It didn’t take any extra effort to produce a top 10 list in which every series has at least one strong female lead character, powerfully examined in detail. But in a year like 2017, these characters, and the roles they played, felt more vital than ever.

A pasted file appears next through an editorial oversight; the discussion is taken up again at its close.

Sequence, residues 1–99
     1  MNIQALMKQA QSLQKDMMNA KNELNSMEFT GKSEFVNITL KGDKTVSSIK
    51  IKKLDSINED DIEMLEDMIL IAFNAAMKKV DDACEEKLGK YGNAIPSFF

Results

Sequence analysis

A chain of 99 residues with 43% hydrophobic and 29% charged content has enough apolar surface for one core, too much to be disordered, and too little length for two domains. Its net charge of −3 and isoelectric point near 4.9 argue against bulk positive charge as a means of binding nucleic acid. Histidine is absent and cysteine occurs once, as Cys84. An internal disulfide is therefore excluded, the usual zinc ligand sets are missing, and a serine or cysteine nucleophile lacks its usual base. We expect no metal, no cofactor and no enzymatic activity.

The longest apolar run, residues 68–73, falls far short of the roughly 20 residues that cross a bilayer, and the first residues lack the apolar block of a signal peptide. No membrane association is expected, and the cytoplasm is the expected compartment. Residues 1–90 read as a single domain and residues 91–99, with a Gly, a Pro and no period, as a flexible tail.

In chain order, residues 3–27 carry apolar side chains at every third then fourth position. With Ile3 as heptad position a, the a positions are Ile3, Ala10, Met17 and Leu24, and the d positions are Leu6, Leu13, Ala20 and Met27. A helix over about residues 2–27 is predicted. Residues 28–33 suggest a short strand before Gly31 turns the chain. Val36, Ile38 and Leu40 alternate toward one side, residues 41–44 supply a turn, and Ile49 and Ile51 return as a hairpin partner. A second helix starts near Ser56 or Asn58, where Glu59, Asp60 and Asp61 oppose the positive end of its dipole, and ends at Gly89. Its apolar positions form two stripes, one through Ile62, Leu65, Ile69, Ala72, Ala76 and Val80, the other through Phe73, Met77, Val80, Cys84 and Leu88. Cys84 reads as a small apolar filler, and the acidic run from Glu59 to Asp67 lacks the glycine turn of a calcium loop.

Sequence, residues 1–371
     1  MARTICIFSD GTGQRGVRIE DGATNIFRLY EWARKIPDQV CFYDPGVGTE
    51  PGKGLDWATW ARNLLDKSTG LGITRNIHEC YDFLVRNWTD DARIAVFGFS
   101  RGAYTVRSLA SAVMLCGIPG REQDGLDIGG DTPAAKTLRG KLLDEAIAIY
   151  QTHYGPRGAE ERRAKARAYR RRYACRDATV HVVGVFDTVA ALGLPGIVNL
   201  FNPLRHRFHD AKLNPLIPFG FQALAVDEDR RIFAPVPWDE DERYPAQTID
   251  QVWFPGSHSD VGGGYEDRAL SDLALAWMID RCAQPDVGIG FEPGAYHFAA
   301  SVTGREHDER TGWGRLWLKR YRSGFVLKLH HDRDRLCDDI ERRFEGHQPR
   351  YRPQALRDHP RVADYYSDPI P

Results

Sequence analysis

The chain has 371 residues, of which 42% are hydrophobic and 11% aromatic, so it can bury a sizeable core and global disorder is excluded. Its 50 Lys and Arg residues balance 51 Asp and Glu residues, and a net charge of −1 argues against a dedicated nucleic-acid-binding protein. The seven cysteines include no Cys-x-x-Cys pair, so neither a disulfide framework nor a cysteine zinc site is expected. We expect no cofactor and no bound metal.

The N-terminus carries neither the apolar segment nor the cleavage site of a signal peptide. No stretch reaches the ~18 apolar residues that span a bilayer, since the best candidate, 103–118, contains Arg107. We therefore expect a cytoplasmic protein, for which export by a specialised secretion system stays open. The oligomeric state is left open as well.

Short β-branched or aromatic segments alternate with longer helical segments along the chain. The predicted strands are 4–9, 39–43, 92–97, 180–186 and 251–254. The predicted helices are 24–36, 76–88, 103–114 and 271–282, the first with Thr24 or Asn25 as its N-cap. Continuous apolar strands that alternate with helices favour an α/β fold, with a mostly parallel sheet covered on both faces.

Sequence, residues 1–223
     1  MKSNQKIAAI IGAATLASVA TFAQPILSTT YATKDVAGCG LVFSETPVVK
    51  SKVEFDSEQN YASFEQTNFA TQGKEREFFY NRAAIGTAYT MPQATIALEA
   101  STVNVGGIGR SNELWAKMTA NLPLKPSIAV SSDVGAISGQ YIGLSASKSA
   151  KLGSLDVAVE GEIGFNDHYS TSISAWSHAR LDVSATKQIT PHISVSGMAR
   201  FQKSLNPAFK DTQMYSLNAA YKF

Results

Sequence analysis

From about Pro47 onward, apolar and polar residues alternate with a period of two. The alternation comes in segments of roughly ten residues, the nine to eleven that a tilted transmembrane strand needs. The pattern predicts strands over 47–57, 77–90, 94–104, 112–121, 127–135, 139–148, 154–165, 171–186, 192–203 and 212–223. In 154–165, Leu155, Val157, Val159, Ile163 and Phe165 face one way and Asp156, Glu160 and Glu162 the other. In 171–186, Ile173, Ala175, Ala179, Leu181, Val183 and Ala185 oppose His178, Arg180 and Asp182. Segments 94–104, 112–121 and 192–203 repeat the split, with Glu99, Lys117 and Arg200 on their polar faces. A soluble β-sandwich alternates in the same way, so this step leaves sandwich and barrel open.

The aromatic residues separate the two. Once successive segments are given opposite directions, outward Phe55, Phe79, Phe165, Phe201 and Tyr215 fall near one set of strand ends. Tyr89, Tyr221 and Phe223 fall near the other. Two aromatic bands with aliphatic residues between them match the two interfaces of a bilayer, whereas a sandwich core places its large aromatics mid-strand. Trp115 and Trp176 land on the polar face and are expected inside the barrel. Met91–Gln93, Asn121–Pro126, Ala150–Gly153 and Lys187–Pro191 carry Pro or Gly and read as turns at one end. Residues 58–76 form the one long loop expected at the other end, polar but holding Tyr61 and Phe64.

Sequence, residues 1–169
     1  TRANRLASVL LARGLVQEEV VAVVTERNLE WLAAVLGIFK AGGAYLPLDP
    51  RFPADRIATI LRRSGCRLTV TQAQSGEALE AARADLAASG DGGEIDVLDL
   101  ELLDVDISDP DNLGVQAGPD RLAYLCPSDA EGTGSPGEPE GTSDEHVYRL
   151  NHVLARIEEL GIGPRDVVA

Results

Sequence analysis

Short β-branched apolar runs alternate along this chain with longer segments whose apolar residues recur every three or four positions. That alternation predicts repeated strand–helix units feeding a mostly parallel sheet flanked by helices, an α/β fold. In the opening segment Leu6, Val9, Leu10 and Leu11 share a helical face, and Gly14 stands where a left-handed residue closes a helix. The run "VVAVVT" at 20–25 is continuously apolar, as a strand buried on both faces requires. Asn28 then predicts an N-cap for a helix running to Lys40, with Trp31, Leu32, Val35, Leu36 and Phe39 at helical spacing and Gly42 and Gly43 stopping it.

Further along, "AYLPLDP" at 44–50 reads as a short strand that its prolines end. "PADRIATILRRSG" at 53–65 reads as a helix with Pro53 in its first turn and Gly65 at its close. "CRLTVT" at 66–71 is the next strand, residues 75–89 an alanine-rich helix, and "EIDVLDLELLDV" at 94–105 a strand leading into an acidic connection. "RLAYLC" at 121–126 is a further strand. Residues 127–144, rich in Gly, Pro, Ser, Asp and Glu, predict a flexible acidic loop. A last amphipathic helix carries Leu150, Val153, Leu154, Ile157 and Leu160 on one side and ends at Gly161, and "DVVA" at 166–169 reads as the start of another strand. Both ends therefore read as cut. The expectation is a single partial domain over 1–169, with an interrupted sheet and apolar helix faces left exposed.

Film actors like Reese Witherspoon and Nicole Kidman asserted their present-day independence from the film industry on the frank and powerful Big Little Lies. On Feud, similar issues resonated on a meta level, with two Oscar winners playing two past Oscar winners who were never given the opportunity to meaningfully move their A-list careers forward. (Imagine what we might have gotten if the real Bette Davis and Joan Crawford could have participated in the 2017 TV landscape.) Issa Rae and Sarah Gadon, both possessed of endlessly mutable faces and the imagination to know just how many emotions those faces could convey, dazzled me on Insecure and on Alias Grace. Carrie Coon emerged as the star The Leftovers had really been about all along. And even pop star Katy Perry used her 96-hour livestream, ostensibly a self-promotional tool, to come into her own as an artist and as a thinking person.